Two years later, Vaughn started opposite another super-famous leading lady—this time, Reese Witherspoon—in Four Christmases. Once again, Vaughn's style of humor didn't match the cutesy, slapstick nature of the movie; he was certainly a far cry from, say, Jack Lemmon in The Out-of-Towners. By this point, fans were longing to see him in the kind of dude-friendly movies that made him so popular, even if that meant sitting through something like Fred Claus. The fact that he chose to follow Four Christmases with the mediocre Couples Retreat only made things worse.

Couples Retreat

Speaking of the film that Josh Larsen unflatteringly described as "a Tyler Perry movie for white folks," Couples Retreat only garnered a dismal 11% on Rotten Tomatoes. The movie came four years after Wedding Crashers, but Vaughn still had such audience faith from that comedy juggernaut that the expectations for Couples Retreat were high. It had a big cast and a broad concept—four couples try to reinvigorate their relationships with a luxury trip—but still, it failed to deliver.

Fan The Fire described the ensemble comedy as "a lazy, unimaginative comedy that with the talent on show, should have been a whole lot more than another boring rom-com for the pile." Collider even zeroed in on Vaughn's performance, claiming he "gets to do his shtick" and "you'll love his performance provided you've never seen Vince Vaughn in a comedy before." Ouch.

Those kinds of critical slams, despite the film's miraculous profitability, had to contribute to Vaughn's later comments in which he eschewed the stalled rom-com portion of his career.

He got tired of the Hollywood 'machine'

In a rather candid 2015 interview with British GQ, Vaughn revealed that part of the reason behind his string of duds was the result of a shake-up in his management team. His new collaborators presented him with a formula approach that left Vaughn feeling like he'd lost a certain creative edge. "Making a film became like stock analysis. It was bulls**t," he said.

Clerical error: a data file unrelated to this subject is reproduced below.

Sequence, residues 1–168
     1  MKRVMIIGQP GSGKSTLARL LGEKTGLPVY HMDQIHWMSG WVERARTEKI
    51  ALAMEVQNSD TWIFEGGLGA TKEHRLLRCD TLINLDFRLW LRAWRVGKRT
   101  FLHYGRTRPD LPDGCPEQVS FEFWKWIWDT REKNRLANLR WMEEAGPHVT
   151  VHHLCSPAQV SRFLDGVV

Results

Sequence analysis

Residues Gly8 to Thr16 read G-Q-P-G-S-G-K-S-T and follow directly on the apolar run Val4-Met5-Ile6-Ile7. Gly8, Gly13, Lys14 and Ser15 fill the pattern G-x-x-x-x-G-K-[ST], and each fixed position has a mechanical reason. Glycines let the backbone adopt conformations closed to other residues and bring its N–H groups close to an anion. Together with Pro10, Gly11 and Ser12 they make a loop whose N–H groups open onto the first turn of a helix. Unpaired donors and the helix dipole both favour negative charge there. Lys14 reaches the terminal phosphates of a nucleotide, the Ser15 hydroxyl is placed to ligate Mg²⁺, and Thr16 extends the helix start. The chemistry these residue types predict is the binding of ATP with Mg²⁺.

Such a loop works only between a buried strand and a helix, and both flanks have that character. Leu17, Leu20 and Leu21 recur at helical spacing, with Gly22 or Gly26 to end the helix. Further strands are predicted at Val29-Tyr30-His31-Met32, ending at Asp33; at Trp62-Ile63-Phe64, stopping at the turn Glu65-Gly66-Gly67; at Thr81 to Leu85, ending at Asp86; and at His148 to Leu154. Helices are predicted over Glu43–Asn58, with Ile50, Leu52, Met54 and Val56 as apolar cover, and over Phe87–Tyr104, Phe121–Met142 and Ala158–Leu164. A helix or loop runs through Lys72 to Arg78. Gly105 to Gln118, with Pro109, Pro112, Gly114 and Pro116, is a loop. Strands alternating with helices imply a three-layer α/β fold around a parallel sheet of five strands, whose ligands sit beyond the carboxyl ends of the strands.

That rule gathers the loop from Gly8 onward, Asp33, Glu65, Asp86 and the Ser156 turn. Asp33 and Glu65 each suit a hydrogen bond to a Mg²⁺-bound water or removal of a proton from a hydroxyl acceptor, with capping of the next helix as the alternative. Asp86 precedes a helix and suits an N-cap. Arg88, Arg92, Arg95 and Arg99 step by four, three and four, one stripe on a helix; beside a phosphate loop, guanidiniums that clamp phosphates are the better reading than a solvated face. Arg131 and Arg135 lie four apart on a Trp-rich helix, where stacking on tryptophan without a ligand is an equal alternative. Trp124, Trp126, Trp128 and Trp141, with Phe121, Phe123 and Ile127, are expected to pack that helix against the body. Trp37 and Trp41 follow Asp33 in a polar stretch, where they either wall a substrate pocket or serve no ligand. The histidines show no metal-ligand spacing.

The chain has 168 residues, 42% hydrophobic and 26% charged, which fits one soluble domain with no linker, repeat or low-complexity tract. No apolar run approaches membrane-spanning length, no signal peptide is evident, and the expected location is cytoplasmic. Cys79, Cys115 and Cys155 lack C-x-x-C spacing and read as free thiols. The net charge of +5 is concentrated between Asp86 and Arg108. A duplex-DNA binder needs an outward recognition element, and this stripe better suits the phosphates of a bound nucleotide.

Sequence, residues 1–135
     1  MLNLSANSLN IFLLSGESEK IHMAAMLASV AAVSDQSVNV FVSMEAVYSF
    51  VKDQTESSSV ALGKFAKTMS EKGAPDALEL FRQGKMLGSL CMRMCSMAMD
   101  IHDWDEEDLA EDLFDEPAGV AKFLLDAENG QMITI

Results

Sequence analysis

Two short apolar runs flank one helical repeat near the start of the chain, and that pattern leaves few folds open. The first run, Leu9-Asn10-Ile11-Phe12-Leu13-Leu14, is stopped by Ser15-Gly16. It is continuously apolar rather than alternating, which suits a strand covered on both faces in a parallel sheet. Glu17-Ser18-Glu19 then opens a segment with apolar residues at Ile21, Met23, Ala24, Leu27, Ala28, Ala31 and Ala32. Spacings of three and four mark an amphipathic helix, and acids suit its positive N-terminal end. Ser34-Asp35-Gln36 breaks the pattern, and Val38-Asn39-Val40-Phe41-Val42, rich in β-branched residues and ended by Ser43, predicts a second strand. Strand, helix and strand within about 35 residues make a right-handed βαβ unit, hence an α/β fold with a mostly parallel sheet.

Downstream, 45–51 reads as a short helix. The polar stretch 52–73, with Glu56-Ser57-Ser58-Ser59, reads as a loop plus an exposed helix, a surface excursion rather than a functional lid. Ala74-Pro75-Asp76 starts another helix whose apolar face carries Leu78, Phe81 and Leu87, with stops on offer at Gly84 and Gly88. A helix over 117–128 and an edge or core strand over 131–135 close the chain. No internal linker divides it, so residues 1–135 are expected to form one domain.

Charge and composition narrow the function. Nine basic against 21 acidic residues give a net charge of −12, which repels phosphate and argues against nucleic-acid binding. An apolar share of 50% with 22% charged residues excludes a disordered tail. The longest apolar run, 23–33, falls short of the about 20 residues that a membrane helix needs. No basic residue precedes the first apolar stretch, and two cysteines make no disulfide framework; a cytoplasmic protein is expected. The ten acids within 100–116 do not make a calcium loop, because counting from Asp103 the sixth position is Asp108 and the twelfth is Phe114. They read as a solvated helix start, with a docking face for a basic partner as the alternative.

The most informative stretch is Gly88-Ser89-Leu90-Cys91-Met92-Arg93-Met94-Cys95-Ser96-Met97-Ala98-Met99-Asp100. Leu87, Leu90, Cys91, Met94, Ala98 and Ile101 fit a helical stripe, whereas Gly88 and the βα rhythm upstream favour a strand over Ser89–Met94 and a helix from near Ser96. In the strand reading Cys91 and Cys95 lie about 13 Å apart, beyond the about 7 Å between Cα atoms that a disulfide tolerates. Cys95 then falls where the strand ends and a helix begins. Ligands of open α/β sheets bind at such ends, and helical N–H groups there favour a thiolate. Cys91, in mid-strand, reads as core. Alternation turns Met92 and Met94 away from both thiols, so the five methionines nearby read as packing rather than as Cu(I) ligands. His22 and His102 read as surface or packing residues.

It was this disillusionment combined with the desire to "kill off" the kind of character he'd been playing in what he called "assembly-line comedies" ever since Wedding Crashers that led Vaughn to pivot back to drama in True Detective. "I'm not blaming anyone else but myself here," Vaughn told GQ, adding, "The machine can make you idle. You read a script and then you agree to a role, then soon enough you're on set looking at a scene that has had all the juice and the life sucked right out of it. You become a hired gun doing a very inoffensive PG-13 movie and, well, you kind of just go along with it. Like anything in life you're either growing or you're dying. When you get too comfortable you start to decline." Unfortunately for Vaughn, his growing pains as an artist have been shared by audiences who haven't been quite so creatively fulfilled by his darker material of late.

He pivoted to production

In 2005, Vince Vaughn founded his production company, Wild West Picture Show Productions, which became the driving engine behind The Break-Up, Four Christmases, Couples Retreat, The Dilemma, and The Internship. Though each of those titles had their issues with critics, they all made money with the exception of The Dilemma, which possibly broke even. What that means for Vaughn is that even though he may not be particularly proud of that section of his career, he got to walk away from it with cash—specifically back-end cash, which is where the whole game changes.

It's also probably a big part of the reason why Vaughn was able to slow down and reinvent himself by not having to pump out questionable product just to pay the bills. This kind of forward thinking has seemingly led the production company, now operating as just Wild West Productions, into the new media space.

In July 2017, Netflix renewed F Is For Family, the animated series created by stand-up comedian Bill Burr, which also happens to be produced by Wild West Television. According to The Hollywood Reporter, Wild West also produces two shows, Fear(less) with Tim Ferriss and Undeniable With Joe Buck, for Audience Network, which is DirecTV's foray into the world of streaming digital content. Vaughn's company and Audience are also teaming up for a 2018 documentary that details "the relationship between the African-American community and the police."